Wednesday, February 13, 2013

How do you know how to charge for your product?

A few things I wish somebody had told me years ago:

As a startup, if you want to survive, you have to pick a model. Everybody starts off by thinking they are low on the complexity scale ("our product is simple!") so they believe self-service is an efficient model for them. But complexity, in this discussion, has nothing to do with simplicity in the user experience (elusive in its own right) but the complexity of your user acquisition and total cost of service.
Are $13 accounts for server monitoring likely to be experienced sysadmins doing meaningful work for businesses who will solve their own problems and pay without complaint every month? No, they're going to be the worst possible pathological customers.

Why you should not avoid social media sites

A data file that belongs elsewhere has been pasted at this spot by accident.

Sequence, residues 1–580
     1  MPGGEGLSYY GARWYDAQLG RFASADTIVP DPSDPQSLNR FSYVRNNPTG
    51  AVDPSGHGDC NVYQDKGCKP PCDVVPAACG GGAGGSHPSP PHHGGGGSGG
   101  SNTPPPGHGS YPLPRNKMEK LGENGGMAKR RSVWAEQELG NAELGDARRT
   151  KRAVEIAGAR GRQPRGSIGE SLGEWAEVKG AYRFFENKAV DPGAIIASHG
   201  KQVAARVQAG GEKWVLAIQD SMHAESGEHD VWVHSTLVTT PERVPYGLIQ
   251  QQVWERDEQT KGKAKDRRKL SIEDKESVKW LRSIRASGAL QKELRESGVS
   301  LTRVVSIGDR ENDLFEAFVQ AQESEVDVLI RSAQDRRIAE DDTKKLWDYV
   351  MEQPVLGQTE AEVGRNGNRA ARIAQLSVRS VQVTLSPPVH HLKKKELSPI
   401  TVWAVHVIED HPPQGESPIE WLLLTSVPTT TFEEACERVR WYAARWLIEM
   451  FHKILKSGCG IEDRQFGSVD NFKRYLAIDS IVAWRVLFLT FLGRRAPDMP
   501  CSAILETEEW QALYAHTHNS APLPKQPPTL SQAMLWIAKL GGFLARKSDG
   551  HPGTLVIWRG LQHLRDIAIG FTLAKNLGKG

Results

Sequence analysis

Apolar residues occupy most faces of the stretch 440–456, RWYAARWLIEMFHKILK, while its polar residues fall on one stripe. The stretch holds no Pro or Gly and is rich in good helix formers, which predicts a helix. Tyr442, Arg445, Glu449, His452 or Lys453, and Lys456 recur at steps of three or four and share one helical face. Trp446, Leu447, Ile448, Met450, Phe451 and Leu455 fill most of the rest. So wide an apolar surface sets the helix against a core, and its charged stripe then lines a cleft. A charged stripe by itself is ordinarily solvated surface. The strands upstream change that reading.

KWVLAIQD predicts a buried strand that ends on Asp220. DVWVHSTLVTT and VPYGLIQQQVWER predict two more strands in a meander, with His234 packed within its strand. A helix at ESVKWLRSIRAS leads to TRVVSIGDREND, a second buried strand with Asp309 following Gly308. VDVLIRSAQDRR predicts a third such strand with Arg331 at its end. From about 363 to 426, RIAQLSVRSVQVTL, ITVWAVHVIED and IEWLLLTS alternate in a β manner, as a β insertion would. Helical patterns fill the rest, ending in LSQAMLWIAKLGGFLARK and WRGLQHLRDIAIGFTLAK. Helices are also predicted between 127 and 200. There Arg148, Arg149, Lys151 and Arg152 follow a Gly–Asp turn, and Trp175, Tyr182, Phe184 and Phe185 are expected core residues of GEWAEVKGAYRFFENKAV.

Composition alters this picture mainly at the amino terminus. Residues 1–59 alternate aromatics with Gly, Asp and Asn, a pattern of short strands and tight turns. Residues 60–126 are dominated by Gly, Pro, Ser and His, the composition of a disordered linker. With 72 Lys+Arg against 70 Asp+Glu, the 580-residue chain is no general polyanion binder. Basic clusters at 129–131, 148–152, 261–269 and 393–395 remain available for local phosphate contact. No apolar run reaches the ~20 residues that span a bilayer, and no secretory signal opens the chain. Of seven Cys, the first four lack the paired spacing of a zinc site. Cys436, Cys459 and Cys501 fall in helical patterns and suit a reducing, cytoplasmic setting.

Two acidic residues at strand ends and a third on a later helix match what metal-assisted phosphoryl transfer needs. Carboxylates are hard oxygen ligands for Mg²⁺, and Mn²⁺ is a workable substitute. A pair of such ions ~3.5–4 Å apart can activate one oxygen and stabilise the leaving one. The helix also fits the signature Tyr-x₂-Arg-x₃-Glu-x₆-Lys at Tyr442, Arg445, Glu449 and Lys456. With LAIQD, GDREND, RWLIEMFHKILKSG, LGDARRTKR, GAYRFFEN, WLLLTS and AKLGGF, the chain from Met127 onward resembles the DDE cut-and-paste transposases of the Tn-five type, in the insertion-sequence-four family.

Some people are so afraid of making damaging social media mistakes that they avoid social media platforms altogether. But that can be costly, as social networks have become prime recruiting territory. Therefore, skirting potential issues via non-involvement removes you from too many opportunities to make that a smart option for most. Furthermore, avoiding social media means you won't be able to maximize positive exposure and minimize the effects of negative exposure. Even if you avoid Twitter, Facebook or Tumblr, your customers won't. If they tweet, post or share something positive about your products or services, you should really take the opportunity to highlight this. At the same time you you use the opportunity to learn about why dissatisfied customers are leaving. Yes, as your customer base grows, so does the chance that some disgruntled ex-customer shares his frustrations about your product with the rest of the world. If you do not pay attention to the social media, you'll miss an opportunity to mitigate the effects of these outbursts and to find ways to improve your products and service.